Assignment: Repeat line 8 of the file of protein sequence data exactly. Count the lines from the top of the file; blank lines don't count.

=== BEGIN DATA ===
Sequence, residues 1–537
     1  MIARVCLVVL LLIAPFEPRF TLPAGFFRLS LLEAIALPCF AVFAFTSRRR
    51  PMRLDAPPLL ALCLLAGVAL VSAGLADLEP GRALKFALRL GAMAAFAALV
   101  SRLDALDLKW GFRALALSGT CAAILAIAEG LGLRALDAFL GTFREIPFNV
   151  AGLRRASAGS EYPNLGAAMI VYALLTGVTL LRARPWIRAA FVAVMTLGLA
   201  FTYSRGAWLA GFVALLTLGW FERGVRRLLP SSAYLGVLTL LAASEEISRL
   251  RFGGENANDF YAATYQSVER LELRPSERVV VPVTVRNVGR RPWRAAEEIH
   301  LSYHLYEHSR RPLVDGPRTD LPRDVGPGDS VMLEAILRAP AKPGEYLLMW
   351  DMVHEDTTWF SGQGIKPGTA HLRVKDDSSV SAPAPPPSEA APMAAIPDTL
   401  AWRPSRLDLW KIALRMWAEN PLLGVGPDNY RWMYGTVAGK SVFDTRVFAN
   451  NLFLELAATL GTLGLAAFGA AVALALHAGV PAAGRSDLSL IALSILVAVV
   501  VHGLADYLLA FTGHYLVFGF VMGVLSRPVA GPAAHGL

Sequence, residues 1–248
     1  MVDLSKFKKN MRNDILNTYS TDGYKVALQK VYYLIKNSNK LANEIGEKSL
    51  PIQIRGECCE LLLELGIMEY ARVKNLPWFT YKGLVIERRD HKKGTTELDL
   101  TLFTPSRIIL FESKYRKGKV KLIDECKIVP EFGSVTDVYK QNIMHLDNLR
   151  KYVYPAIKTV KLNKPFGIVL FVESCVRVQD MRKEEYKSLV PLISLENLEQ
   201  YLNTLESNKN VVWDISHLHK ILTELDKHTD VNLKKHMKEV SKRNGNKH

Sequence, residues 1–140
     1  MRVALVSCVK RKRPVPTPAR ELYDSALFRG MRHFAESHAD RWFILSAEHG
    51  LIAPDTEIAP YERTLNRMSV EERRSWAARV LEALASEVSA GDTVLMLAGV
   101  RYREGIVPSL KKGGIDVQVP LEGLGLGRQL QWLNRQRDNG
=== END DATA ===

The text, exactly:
   301  LSYHLYEHSR RPLVDGPRTD LPRDVGPGDS VMLEAILRAP AKPGEYLLMW